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Chicago
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Welcome Back
by Abraham Ritchie


 

 

 

 

 

 

It always strikes me as ironic that the most popular day for art, the beginning of the art season’s opening night, is also the worst day for actual art viewing.  Throngs of people pack galleries to see old friends, network with new ones, get drunk, get laid, and maybe see some art in there as well.  Opening night is usually about the energy of the crowd, first fuelled by alcohol, then by art.  I live by the rule that the fall season openings are mandatory for Chicago art writers, to get a feel for the art crowd, the new art, and what shows to go back and see when the crowds have gone and you actually have a chance of comfortably contemplating some work.


My night began in the cavernous space of the Sullivan Galleries, located on the seventh floor of the Sullivan Center, with a reception for no less than five concurrent exhibitions: “Process in Product: Work from Summer Studio,” “A Fickle Existence,” “The Joke is Irresistable,” “Materials of the City,” and “Still Action.” It was not immediately obvious where one show ended and the other began or which exhibition was which, to the detriment of the exhibitions themselves.  The result is that the entire floor reads like a pretty good MFA show.


Alan and Michael Fleming. Balancing, Opening, Levitating. Video still. Image courtesy of the artists.


Like an MFA survey, standouts in these shows were immediately obvious.  Identical twins and artists, Alan and Michael Fleming were included in no less than three exhibitions.  Their makeshift studio complete with working ideas, successful ideas and many more that ended up in the waste bin are on view in “Summer Studio.” Two of their video pieces, Building a Box in Our Studio, Balancing, Opening, Levitating were included in “The Joke is Irresistable.” Balancing, Opening, Levitating consists of three monitors that, respectively, show the artists interacting with cans of Budweiser, watch a excerpt of the video on their website, still seen above. For Balancing they drink a portion, then balance the cans on edge together, in Levitating the cans are attached to balloons and they drink an amount so the cans hover in air, Opening reveals that the cans are upside down (though they appear to be upright), when the artists crack the Bud cans open the beer flows out.  The work combines the physics of Fischli and Weiss, the bronze beer cans of Jasper Johns and the formalism of Félix González-Torres into something completely new and interesting.  Works by these artists also appear in “Construction Site: Identity Made Material,” located in the newly christened SAIC Boomerang Space on 37 S. Wabash.  There’s no doubt in my mind that these are artists to watch in the coming years, in fact, I won’t be surprised if I see a gallery devote a show entirely to them to open the next fall season.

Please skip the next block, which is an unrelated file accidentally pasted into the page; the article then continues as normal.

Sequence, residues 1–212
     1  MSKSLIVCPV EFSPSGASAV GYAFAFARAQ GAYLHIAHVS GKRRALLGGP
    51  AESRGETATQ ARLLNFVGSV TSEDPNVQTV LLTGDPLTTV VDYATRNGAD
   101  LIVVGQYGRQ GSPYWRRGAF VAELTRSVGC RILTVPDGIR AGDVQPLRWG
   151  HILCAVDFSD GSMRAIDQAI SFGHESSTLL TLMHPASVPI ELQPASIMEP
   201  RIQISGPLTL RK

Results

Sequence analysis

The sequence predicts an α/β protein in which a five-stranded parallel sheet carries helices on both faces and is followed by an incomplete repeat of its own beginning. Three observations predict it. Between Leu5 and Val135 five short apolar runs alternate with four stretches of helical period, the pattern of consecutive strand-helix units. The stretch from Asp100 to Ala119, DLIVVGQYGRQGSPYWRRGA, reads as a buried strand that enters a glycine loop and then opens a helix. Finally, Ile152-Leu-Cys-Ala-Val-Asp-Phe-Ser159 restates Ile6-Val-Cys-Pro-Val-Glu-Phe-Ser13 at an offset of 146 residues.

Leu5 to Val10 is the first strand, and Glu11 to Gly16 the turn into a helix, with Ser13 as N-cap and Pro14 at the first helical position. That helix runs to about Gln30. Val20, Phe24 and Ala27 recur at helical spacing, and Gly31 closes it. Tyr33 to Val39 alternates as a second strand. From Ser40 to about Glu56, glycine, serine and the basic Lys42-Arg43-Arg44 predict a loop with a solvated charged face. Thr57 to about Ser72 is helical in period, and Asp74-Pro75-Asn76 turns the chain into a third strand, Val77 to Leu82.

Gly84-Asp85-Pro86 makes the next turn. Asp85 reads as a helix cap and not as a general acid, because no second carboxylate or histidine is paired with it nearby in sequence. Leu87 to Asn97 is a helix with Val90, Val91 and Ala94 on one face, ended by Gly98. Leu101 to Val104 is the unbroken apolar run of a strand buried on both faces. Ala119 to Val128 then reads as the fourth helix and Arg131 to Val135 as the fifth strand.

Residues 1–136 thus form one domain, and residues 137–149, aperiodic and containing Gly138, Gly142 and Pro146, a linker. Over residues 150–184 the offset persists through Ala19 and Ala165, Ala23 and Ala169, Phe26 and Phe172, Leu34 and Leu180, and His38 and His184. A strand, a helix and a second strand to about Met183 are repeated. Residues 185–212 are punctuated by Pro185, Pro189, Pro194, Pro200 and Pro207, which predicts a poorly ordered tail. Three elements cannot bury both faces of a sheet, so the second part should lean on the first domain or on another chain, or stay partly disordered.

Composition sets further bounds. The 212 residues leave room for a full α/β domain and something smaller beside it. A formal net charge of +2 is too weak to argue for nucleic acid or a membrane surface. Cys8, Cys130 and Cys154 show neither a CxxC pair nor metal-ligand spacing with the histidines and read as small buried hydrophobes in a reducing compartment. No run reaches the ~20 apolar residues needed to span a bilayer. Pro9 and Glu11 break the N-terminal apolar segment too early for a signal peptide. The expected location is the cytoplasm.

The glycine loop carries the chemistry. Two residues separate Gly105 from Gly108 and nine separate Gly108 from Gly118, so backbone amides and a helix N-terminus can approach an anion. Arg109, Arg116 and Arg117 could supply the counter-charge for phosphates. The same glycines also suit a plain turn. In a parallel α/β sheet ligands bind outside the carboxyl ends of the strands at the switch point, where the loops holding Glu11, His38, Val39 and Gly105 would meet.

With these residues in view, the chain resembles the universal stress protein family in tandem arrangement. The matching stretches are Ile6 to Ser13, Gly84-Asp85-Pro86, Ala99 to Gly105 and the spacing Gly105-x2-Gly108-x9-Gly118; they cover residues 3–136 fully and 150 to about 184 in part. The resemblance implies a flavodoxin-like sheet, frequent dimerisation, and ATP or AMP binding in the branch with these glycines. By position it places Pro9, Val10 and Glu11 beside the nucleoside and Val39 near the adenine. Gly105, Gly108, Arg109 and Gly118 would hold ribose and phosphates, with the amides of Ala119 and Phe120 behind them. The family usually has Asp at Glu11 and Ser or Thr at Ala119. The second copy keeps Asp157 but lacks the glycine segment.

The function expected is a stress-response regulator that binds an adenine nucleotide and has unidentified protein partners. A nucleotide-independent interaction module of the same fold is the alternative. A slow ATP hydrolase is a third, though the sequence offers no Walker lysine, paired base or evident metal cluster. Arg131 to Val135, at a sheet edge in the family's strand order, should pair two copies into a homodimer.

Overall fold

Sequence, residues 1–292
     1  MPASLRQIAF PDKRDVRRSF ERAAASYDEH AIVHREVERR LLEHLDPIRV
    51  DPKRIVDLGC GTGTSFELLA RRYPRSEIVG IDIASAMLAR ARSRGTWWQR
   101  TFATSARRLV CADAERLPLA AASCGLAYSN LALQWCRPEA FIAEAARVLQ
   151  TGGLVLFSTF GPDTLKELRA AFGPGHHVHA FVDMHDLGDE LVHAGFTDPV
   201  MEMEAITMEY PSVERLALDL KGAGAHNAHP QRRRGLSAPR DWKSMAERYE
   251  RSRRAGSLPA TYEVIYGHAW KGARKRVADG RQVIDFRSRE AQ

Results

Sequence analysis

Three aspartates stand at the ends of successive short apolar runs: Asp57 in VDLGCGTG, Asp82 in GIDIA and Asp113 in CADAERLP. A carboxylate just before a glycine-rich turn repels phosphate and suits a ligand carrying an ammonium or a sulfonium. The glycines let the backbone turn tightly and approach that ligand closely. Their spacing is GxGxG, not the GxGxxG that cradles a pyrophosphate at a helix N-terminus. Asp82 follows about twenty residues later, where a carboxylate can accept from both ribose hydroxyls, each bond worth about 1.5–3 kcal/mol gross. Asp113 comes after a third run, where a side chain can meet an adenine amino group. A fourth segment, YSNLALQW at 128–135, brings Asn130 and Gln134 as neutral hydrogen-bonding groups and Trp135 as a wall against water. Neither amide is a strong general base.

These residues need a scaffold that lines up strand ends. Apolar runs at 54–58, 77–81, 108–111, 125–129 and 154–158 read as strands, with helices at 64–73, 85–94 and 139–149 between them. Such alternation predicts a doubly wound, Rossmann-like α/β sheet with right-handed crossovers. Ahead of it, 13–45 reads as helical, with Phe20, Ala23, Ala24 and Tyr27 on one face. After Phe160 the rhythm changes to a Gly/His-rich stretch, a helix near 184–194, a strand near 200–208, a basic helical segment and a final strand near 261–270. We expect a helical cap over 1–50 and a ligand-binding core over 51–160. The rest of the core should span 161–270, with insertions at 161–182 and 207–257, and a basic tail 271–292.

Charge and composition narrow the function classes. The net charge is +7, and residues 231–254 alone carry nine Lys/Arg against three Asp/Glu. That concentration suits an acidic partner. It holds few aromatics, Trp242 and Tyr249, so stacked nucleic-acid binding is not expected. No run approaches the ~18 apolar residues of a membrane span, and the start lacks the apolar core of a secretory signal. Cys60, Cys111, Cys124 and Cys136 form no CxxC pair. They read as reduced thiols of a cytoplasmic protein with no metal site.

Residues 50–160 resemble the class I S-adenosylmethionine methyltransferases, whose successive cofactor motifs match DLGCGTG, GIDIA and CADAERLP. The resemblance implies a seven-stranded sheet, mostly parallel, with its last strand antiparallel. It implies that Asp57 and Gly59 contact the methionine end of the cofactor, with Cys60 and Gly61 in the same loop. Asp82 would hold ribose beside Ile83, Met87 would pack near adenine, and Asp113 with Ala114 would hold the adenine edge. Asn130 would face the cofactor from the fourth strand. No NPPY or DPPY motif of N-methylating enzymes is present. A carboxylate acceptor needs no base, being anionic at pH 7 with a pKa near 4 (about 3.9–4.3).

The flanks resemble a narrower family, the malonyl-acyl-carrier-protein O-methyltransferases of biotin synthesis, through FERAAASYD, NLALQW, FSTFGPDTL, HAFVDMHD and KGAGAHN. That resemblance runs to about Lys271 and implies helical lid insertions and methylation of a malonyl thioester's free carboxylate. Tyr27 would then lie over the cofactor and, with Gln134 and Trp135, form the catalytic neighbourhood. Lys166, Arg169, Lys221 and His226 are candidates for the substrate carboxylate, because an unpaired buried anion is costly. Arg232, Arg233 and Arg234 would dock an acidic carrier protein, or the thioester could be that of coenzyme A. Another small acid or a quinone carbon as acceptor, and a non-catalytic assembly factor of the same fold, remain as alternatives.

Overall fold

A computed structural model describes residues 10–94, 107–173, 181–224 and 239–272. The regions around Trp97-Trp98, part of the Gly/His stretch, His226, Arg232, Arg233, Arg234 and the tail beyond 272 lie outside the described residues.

Marissa Benedict and Luis Palacios as GRAFT. CCES 001. 2010. Image courtesy of the artists.


Also on view in the Sullivan Galleries, as part of “A Fickle Existence,” is CCES 001 a work by Marissa Benedict and Luis Palacios, showing together as GRAFT.  Last month I went on record (via Twitter) as saying the only bio-art that interested me was bonsai, I was being facetious to a degree but also implying that for all the “newness” of bio-art, living art has been around for centuries as part of Eastern culture.  CCES 001 consists of a custom climate control system that houses a Japanese bitter orange tree in bonsai-like training.  The tree is experiencing an early fall as the artists intend to induce winter dormancy and then spring blossoms, via the climate control system, putting the tree into a rhythm opposite of the seasons.  They’ve taken the vitrine aesthetic of Damien Hirst and turned it into something far more nuanced.  You can follow their progress, and their tree’s progress on their website, I hope to see blossoms in the winter—it will be the perfect antidote to the snow and freezing temperatures.


From the Sullivan Center, I was off to the West Loop accompanied by ArtSlant Writer Mia DiMeo and others.  The first stop was the 835 West Washington building that houses the excellent whole-name galleries: Thomas McCormick, Carrie Secrist, Kavi Gupta and Andrew RafaczCarrie Secrist was my first stop where I also ran into fellow art critic Pedro VélezSecrist was showing Megan Greene’s “Audubon Drawing Series” in which she alters Audubon bird prints with various media (seen at far left).  I didn’t care for these much myself but Mia did.  More to my liking was Carolyn Ottmers’ “Splice” show, also at Secrist, in the rear gallery.  Realistic steel sculptures of weeds and other plants hung from the ceiling in a slightly hallucinatory effect (seen immediately at left).

From Secrist, it was upstairs to Kavi Gupta Gallery who opened the season with an exhibition by Chris Johanson.  Writer Joel Kuennen has the scoop on that exhibition for ArtSlant, so all I want to mention is the show Johanson curated in the side gallery titled “The Color of Black & White.”  Dedicated to black and white photography, this intimate exhibition introduced me to the photos of Masao Yamamoto whose small pictures of nature were a moment of serenity on an otherwise hectic night.

Angel Otero. Crimson Mud. 2010. Oil paint skins on canvas. 23" x 17" x 2". Image courtesy of Kavi Gupta Gallery and the artist.


Kavi Gupta is also showing work across the hall in a project space that’s usually hung pretty tightly.  There were two photographs by Melanie Schiff that had debuted to open last year’s art season.  But the eye-catcher was a large abstract canvas by Angel Otero (not shown).  Not surprisingly it was marked “HOLD.” The Chicago-trained artist has recently moved to New York City, scoring enviable gallery shows with no shortage of admiration and interest.  In my conversation with the artist, Otero talked about his passion for abstract expressionism and it seems he has found a way to work that passion into his style.  The result is nothing short of stunning.